In 2005, I went to Ghana at my own expense to audition native dancers and musicians, in 2007 they came to my town to perform. I might have spent the same money on a package holiday, but it was a lot more fun roughing it in the dark heart of Africa, and I also lost a stone, which was useful and gratifying.
I'm a carer. And I help create jobs, and wealth, not because it is a good thing to do, and not because I make money out of it, but largely because it amuses me and relieves the boredom. We are all going to die sometime, and we cant take it with us, so what is the point of accumulating money anyway?
Carers need to wake up, there is a big wide world out there, and it is calling.
But some carers are in no position to go out and work. I'm aware of carers who, even with a high level of support, can in no way even consider the possibility of working. Yet they are in desperate financial straits due to their caring situation - truly a no win situation.

For those carers, there are no choices. And there has to be something better.
But some carers are in no position to go out and work. I'm aware of carers who, even with a high level of support, can in no way even consider the possibility of working. Yet they are in desperate financial straits due to their caring situation - truly a no win situation.

For those carers, there are no choices. And there has to be something better.
For me, this has to be post of the month .
MMMMMMMMMMM - now let me try and uderstand all this.........
I am not supposed to expect a decent and fair level of CA because I didn't fight in a war that was over before I was born and I am supposed to wake up because there's a world out there ROFLMAO!!!!!!!!!!!! Image Image Image Image Image Image Image Image Image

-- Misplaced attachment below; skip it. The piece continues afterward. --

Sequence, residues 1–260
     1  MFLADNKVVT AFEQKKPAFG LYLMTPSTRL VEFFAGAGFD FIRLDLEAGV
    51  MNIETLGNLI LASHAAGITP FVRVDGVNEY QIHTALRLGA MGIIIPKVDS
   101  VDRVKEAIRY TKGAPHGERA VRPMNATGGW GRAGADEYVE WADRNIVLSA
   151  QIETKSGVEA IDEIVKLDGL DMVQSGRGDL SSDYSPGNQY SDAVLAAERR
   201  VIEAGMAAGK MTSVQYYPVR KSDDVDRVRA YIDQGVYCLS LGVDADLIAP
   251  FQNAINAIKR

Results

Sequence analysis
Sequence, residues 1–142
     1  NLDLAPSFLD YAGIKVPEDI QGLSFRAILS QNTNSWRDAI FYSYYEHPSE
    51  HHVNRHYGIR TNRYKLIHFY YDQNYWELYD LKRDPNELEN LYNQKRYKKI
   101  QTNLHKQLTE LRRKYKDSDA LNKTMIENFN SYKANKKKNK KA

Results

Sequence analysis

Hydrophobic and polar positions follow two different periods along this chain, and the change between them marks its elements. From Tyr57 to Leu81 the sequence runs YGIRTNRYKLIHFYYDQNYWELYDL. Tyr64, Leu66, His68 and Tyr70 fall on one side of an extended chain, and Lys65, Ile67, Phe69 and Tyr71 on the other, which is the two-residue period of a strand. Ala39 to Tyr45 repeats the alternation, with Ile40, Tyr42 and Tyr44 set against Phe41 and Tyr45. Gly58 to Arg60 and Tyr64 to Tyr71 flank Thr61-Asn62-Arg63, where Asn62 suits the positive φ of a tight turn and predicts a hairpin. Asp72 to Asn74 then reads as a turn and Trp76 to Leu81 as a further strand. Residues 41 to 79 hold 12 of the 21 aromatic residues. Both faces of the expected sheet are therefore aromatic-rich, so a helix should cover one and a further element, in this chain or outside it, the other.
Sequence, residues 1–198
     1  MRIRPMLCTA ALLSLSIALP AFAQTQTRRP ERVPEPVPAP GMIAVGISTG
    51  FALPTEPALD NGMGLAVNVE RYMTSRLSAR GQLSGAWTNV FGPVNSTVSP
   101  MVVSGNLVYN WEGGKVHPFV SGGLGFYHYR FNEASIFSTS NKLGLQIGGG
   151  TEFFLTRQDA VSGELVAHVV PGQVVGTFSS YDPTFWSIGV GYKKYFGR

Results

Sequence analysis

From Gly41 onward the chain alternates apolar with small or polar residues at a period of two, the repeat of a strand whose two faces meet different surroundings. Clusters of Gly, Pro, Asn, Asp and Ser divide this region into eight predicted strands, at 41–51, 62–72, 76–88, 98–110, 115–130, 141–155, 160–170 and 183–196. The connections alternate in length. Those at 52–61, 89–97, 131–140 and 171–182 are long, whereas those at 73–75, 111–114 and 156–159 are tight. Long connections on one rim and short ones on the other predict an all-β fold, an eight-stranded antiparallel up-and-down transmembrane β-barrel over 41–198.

Now then ..........

As a carer who is unable to work due the extent of my caring role I expect - Nay I DEMAND - a fair level of CA that reflects the work I do and the fact that I am contributing to the overall effect that saves this country a small fortune in care costs.

As a carer I expect CUK to support the needs of carers - and that includes fair level of CA - and I am not the only one who expects that - though it seems at times that the people who shout us down if we dare mention it are the people who are fortunate enough to be able to go out to work an so are in less need of the money.

As a carer I do not differentiate between different groups of carers - we are all carers - however I am shocked that it is withing this forum that those who cannot work are repeatedly marginalised by others - it is they who are creating the seperate groups!

Eun - you are right - there seems to be an unwritten rule that we are only allowed to suggest what fits with the real minority! Image

IF I were able to work and combine this with my caring duties then I would do so - the extent of my caring duties prevents me from working and I will not aapologise to anybody for this - nor will I beat myself up for not fighting in a war that was over before I was born.

I will keep on demanding a fair level of CA and if peope want to target me and question my right to breathe as a result of that opinion then they can carry on - doesn't bother me at all !

As a carer who is unable to work I am not alone - all of us in this situation deserve better deal that involves a higher rate of CA and a fexible approach to respite for those who need /want / are able to use it - if respite is not the answer for some people then they should not be penalised as a result - the only real answer is a higher income so we can be fairly recompensed for the work we do and organise the help that suits us - and not be dictated to by people who think we should be grateful for a pittance and a system that is organised around THEIR needs whilst ignoring the rest of us.
109 posts